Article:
Neither Five Nor Three Online - Helen Macinnes



The dawn came slowly, cold and clear, thinning out the night sky.

It’s coming slowly, Paul Haydn thought, because we are running ahead of the sun. Then he smiled at his fancy as he looked down at the floor of clouds below him. He watched them change from blanched shapeless ghosts into a foaming sea of sun-streaked waves, their curling crests held motionless, poised but never spent. A traveller, fifty years from now, hurtling through the skies, would find that dawns came even more slowly for planes flying westwards. Or would he be travelling in a plane, fifty years from now? Then suddenly, Paul Haydn noticed that the clouds were no longer a sea beneath him, hiding the real ocean. We’re coming down, he thought, at last we are getting near land, we’re getting near America. Yes, there was a stretch of the Atlantic, a dark grey sheet of corrugated iron. He sat up abruptly, stretched his back muscles and his legs.

His excitement, controlled as he tried to keep it, woke Brownlee sitting beside him. The other passengers in the plane—the two congressmen and their secretaries and the brigadier-general who had accompanied them from Berlin, the silent worried sergeant who had joined the plane at Frankfurt, the three ECA officials returning from the Rhineland—were still slumped in sleep, their faces wiped clean of expression, their troubles, their hopes, their failures, their achievements all forgotten.

“Won’t be long now,” Paul said to Brownlee by way of apology. His smile made him younger, more like the Paul Haydn whom Brownlee had first met in London eight years ago.

Brownlee, still not moving, still gathering all the parts of his mind together that sleep had unlocked and left lying loosely around, answered Paul’s smile slowly. He yawned, stretched his arms, eased the muscles on his neck, and rubbed the blood back into his cheek where, as he had slept, it had rested too heavily against the eagle on his shoulder. He said, his smile broadening, “For a man who stayed away so long, you sound pretty eager to return.”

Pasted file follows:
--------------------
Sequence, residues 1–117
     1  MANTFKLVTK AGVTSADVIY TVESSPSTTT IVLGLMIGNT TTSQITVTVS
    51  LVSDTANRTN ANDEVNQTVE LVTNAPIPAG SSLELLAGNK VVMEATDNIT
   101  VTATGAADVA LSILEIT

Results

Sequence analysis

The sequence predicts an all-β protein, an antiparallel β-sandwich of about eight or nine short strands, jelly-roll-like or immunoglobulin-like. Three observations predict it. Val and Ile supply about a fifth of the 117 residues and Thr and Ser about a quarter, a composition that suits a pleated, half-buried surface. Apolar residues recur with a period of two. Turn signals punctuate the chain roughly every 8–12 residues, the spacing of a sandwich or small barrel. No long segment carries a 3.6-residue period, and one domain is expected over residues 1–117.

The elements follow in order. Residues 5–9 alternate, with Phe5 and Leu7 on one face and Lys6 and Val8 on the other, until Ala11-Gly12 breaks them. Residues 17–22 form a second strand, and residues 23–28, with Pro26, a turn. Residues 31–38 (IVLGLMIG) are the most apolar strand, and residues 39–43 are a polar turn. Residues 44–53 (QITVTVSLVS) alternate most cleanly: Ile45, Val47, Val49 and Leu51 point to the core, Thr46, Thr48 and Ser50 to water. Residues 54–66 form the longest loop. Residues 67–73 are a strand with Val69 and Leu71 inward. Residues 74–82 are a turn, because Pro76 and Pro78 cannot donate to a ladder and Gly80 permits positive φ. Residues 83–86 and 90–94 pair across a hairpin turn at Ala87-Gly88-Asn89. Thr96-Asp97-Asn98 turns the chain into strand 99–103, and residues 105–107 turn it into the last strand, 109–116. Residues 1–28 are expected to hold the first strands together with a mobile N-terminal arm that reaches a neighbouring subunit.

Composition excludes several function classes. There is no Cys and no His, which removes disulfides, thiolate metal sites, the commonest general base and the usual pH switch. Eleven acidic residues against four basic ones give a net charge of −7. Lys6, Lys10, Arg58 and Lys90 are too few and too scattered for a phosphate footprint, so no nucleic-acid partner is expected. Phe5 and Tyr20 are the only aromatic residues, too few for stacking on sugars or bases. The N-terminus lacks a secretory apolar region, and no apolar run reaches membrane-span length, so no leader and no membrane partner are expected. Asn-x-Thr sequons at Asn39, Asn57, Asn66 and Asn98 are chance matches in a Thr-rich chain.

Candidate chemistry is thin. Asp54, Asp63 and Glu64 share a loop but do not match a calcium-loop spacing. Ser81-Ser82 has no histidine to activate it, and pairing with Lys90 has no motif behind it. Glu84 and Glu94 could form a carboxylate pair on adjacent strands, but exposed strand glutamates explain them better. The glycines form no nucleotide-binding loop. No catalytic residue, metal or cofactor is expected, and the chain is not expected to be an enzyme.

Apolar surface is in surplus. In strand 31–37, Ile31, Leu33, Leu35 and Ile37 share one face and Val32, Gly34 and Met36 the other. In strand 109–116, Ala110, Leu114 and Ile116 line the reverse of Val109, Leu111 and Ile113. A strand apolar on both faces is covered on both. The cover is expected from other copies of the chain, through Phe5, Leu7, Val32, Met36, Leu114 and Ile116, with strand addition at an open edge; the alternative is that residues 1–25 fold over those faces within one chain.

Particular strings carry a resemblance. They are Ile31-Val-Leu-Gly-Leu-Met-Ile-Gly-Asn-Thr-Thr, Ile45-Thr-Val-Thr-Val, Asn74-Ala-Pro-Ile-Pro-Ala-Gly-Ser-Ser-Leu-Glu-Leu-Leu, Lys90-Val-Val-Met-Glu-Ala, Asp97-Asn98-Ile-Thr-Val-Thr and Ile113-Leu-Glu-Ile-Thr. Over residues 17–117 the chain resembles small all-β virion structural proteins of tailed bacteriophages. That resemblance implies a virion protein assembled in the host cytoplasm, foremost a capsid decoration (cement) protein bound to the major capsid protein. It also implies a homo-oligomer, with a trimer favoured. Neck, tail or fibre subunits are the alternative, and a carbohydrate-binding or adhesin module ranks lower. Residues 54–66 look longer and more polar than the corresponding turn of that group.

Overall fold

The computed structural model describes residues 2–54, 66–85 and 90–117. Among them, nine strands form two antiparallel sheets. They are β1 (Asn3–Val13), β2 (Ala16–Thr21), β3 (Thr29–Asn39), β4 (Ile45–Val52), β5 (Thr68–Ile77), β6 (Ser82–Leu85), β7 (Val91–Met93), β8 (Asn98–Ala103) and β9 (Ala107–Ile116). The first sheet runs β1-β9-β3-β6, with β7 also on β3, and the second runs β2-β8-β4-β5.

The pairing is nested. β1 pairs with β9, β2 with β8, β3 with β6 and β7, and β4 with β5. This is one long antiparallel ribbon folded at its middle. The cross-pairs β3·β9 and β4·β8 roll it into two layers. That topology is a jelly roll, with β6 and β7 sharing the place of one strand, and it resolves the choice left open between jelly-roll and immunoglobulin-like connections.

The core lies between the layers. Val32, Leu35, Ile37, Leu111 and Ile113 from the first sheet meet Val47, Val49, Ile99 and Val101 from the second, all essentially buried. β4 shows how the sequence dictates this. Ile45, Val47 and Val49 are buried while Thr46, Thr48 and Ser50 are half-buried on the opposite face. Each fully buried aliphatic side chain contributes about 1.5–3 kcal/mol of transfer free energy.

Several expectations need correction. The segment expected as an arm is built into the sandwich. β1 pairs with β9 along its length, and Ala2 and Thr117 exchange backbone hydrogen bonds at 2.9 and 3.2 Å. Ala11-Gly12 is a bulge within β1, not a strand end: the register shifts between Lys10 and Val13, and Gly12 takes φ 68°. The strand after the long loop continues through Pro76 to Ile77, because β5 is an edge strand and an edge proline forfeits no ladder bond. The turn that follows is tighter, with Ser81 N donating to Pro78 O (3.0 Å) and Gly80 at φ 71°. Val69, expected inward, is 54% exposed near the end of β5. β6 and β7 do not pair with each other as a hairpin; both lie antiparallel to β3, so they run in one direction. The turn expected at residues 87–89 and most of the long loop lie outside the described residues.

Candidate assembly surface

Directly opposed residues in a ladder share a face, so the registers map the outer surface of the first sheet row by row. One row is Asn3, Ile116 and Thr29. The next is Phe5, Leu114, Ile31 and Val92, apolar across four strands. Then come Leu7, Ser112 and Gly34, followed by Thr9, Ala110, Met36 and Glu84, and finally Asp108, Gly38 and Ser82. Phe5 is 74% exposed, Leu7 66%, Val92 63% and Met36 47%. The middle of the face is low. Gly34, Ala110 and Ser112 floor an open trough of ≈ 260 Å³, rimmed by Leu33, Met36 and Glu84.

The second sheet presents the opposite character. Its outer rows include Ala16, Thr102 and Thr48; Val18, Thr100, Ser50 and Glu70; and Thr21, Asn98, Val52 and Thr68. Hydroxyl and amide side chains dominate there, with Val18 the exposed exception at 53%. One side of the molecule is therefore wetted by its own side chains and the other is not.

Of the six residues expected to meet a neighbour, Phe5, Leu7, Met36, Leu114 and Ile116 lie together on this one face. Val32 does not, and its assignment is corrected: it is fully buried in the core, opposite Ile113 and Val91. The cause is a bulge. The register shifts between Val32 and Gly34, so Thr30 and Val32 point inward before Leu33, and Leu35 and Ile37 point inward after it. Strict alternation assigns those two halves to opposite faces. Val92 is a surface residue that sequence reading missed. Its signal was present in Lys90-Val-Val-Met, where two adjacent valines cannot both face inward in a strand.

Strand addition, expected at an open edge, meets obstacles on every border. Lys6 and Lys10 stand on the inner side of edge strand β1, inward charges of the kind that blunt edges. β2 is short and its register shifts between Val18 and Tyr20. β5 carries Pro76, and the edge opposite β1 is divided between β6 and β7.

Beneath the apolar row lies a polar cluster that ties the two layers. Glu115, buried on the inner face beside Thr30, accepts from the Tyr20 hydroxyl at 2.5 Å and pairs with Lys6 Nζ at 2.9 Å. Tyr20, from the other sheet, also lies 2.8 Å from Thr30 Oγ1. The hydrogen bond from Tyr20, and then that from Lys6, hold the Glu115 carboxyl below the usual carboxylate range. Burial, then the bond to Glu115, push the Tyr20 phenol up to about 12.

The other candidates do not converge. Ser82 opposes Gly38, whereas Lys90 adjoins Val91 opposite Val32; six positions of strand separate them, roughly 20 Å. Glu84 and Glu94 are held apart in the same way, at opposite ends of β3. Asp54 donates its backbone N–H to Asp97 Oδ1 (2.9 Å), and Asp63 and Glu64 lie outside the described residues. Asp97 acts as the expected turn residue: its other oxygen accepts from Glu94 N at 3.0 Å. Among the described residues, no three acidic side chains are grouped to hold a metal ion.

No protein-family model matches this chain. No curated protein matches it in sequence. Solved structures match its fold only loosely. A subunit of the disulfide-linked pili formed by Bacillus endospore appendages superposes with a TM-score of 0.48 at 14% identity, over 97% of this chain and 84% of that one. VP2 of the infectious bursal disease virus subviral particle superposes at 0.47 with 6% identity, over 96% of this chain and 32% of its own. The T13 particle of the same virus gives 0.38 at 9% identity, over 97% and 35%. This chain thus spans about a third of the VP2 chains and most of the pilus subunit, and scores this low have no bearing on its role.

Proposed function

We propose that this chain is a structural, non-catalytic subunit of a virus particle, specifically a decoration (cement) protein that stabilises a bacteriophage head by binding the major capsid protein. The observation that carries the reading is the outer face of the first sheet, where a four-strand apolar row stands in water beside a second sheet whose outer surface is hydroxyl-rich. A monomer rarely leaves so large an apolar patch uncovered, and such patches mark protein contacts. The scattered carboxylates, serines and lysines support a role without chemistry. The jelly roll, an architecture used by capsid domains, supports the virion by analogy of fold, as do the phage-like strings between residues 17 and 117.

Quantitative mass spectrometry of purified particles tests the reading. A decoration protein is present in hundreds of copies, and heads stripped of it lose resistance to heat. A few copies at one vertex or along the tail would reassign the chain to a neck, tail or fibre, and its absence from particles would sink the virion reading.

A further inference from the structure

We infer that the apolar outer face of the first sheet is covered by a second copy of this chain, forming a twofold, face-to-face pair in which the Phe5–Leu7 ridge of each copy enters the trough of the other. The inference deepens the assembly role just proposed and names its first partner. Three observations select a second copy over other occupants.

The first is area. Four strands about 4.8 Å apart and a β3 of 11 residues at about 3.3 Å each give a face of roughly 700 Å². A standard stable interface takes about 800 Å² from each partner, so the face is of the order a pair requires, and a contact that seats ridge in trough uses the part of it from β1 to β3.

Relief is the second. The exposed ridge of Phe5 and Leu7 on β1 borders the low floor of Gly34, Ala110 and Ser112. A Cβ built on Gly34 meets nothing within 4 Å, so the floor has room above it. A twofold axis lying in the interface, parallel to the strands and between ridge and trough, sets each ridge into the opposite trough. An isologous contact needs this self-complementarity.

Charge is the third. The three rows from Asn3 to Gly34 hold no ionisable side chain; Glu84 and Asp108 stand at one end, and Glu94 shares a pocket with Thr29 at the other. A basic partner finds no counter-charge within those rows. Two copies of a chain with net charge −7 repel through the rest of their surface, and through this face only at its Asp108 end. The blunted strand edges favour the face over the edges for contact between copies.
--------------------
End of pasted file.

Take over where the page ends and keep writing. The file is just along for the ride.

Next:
“I guess I’ve been away long enough,” Paul Haydn said. Then his grey eyes looked sharply at his friend. “And what’s amusing you?”

“The difference that eight years can make in a man.”

“Don’t know if I think that’s altogether funny.”

“You wouldn’t be altogether pleased if eight years left no differences.” Brownlee studied Paul’s face. “When we first met in London in 1942, you were a very new lieutenant in a very smart uniform, an enthusiastic young crusader—”

“On the brash side,” Paul amended. He shook his head as he remembered himself then. “At least,” he added, “I’ve learned that life is not all that easy.” Besides, his watchful eyes seemed to say, I’m not the only one who has changed a lot in eight years. Brownlee was thinner and more worried, his hair was almost white now; and yet, since the war had ended, he had been stationed in Washington, not in Germany as Paul had been. When Paul met him in Berlin only a couple of days ago (Brownlee had been taking the congressmen around the DP camps), Paul was as much surprised by the outward changes in Brownlee as he was by their meeting. A lucky meeting, though. If it hadn’t been for Brownlee, he wouldn’t have had this quick transportation home. And a good meeting, too. He liked Brownlee, even if Brownlee had been his superior officer all through the war.

“Yes, life seemed easier eight years ago,” Brownlee was saying. “In spite of everything, it seemed easier. All we had to do was to win that damned war, and then—if we were lucky—slip back into peace. Everything was more black and white, then. You knew where the dangers lay.”

Paul Haydn only nodded. He was glad of the stir around them as the others in the plane were wakened and warned of the landing ahead. He wasn’t going to get entangled in any more discussions. Brownlee was still very skilful at steering the conversation his way.

Brownlee seemed to be concentrating on fastening his safety belt, too. But he was still remembering Paul Haydn in London, eight years ago, excited about his assignment to the Free French and his work with the underground resistance in Brittany. He had done well in that job, including some extremely active service inside Occupied France. After the Liberation, Brownlee had lost immediate touch with Haydn, but he had kept track of him. Captain in Intelligence, examining German prisoners. Then Frankfurt. Assigned to counter-propaganda.